You’ve finally gotten to where you can handle distractions from associates, only to find that you are the cause of some of your distractions.
But, you may be thinking “so what?” and you may be on to something. Like Sarah McLachlan says in her song Angel, “I need some distraction.”
She’s right: We all need distractions from time to time. I am not one of those anal productivity nerds that believes you need to be productive every minute of the day, and that distractions are always a bad thing. An occasional mindless distraction can relieve an over-taxed mind. Some distractions even lead to creative insights.
But, everything in moderation, right? Right.
The problem is that today’s lifestyle makes it too easy to become excessively distracted. Many of us live with a computer for hours every day and pack a cell phone or CrackBerry 24 hours a day. Just these two gadgets make excessive distraction all too easy.
I’m not going to pretend to have any magic solutions to this problem. It is doubtful that there is any one-size-fits-all solution.
I’ll mention a couple of things you can do, but I primarily just want to draw your attention to this issue. By being aware of it, you have better control of it than when you are not aware of it.
Plus, for those of you with children, even adult children, this might motivate you to discuss this problem with them. There are so many sources of distraction available to young people today, so that distraction is more likely to be a problem for them.
If you are frequently distracted, to the point of it interfering with getting done what you need to do, you may want to check out this article on ADHD (ADD). Also, if you have issues with procrastination, you may want to check this primer on procrastination.
I’ll give you a few examples to illustrate what I mean by distraction.
I’ve already mentioned the CrackBerry, but it is probably the most significant distractor we face. Whether the actual device is a BlackBerry, iPhone, Windows Mobile or Palm Smartphone, or another smartphone type, we all know how easily we get distracted by them.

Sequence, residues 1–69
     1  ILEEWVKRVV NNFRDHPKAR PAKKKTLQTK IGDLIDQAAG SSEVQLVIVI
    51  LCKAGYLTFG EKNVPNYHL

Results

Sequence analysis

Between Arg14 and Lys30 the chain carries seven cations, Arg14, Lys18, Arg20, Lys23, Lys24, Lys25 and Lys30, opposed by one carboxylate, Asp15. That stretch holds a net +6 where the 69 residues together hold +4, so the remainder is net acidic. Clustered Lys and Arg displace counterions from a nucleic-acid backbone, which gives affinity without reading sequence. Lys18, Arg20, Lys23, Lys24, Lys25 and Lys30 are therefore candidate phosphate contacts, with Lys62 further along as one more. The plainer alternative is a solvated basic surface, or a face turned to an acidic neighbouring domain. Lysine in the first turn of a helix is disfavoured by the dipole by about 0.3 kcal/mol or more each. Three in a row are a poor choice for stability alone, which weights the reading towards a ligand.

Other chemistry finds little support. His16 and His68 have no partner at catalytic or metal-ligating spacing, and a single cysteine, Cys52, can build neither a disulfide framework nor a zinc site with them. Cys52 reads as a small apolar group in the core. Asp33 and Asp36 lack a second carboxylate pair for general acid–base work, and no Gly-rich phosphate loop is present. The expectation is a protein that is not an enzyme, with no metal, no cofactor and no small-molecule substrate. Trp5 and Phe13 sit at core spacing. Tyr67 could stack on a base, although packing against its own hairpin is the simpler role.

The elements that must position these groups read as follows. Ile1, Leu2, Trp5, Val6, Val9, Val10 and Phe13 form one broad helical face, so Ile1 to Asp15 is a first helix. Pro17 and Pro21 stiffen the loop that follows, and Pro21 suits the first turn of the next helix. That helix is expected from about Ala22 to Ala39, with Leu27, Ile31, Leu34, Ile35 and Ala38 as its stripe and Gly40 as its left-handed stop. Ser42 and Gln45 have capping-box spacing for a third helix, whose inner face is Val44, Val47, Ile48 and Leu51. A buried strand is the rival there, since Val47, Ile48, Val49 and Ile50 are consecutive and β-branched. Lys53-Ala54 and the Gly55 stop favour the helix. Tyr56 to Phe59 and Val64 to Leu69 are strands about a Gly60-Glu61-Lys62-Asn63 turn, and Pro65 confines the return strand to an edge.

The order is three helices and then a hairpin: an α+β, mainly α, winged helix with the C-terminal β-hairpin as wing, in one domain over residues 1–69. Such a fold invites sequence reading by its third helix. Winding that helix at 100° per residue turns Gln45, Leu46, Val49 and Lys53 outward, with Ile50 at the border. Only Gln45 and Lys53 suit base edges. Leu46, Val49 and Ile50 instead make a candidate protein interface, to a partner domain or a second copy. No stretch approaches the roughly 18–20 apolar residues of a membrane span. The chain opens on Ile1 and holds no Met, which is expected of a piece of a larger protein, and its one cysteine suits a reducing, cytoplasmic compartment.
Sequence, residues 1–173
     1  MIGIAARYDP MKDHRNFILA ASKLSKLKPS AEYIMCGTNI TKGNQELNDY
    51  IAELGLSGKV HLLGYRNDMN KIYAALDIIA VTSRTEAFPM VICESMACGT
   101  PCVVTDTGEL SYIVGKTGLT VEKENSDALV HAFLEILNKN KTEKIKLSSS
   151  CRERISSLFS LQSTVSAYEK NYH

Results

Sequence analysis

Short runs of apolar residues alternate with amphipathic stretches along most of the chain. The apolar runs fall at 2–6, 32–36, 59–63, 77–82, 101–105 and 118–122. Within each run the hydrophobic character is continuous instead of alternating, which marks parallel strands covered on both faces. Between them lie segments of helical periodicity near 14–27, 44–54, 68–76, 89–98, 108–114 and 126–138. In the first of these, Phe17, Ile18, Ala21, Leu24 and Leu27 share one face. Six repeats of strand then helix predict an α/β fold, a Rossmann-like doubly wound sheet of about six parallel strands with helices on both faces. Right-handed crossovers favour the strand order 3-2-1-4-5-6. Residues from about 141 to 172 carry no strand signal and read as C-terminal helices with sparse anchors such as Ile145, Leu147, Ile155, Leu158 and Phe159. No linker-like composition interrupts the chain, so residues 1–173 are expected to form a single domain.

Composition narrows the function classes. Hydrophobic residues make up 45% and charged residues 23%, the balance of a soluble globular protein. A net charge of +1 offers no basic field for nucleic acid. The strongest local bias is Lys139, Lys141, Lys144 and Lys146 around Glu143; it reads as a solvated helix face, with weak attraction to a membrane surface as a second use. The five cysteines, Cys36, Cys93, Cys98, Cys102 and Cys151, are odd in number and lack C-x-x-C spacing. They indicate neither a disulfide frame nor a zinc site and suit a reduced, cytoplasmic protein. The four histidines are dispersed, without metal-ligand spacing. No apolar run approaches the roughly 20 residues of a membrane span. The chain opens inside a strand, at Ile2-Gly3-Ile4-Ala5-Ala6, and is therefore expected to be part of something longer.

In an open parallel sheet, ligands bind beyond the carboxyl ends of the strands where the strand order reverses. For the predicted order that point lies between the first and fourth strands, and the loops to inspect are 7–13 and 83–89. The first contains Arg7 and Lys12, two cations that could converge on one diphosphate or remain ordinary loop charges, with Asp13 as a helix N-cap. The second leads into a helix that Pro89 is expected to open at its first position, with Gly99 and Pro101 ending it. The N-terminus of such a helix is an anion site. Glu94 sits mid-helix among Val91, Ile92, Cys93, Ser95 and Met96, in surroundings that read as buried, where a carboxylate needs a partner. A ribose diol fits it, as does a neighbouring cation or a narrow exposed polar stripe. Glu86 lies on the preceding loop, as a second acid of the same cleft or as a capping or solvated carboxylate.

Another common source of distractions is using your browser to check news updates. Lots of people check news sites several times a day, to see what the markets are doing, and to just keep up with the news. Nobody wants to feel like a dork who does not know what is going in the world.
It doesn’t take very long to do this, and you could probably check the news a dozen times a day without it costing you more than 10 minutes total. Except a few of those times you notice a related video on one of the news sites and decide to watch it. 15 minutes gone. Then, down at the bottom of the video is a related link to an in-depth article, so you click on it and start scanning it.
It mentions a book, so you click the Amazon link and begin reading the reviews to see if you want to buy it. Another 10 minutes later, you’ve ordered the book and realize you’ve got 5 minutes to walk to another meeting.
And, if you are glued to the computer several hours a day, like I am, there can be other sources of distraction. For example, for me, I get distracted because of my hobbyist interest in coding.
I will see an article on how “gzip compression” can speed up web page loading, and off I go spending hours on the topic, asking Thomas for his thoughts, testing out some of the recommended methods on my test server, and so on.
I can easily spend a day on this sort of thing (and have), and it serves no value for me at all. Right now there is simply not enough server load for me to even bother my head with this sort of thing, but I am sucked into it because it is new to me, gives me a chance to learn, and so on.
Okay, Enough Examples. How Do We Solve This?
I mentioned earlier that there are no catch-all solutions to this problem. Differing personality types require different ways of dealing with this. For those of you with exceptional willpower, just my mention of this problem is enough for you to solve it: just by being aware of it, you will solve it.
For the rest of us, being aware of the problem helps some. But for most of us to deal with this effectively, we have to erect some sort of barrier between us the and the distraction. One way to do this is to schedule as much of your day as possible.
Even if you don’t have a day full of meetings, make appointments with yourself for specific tasks and projects. And then commit to keeping those appointments. That way, you don’t leave a lot of time for distractions. As to the CrackBerry problem, one (hard-to-do) solution is to just turn it off at certain times, such as the weekend, or at least part of the weekend.
Another way is to schedule some time for the distractions. This is what I am currently doing. I now give myself an hour per day to “chase code” and I resist doing it at any other times.
Admittedly, these are simple-minded solutions, because I am a pretty simple guy. Perhaps you have some other solutions. Regardless, I’d like to hear your thoughts.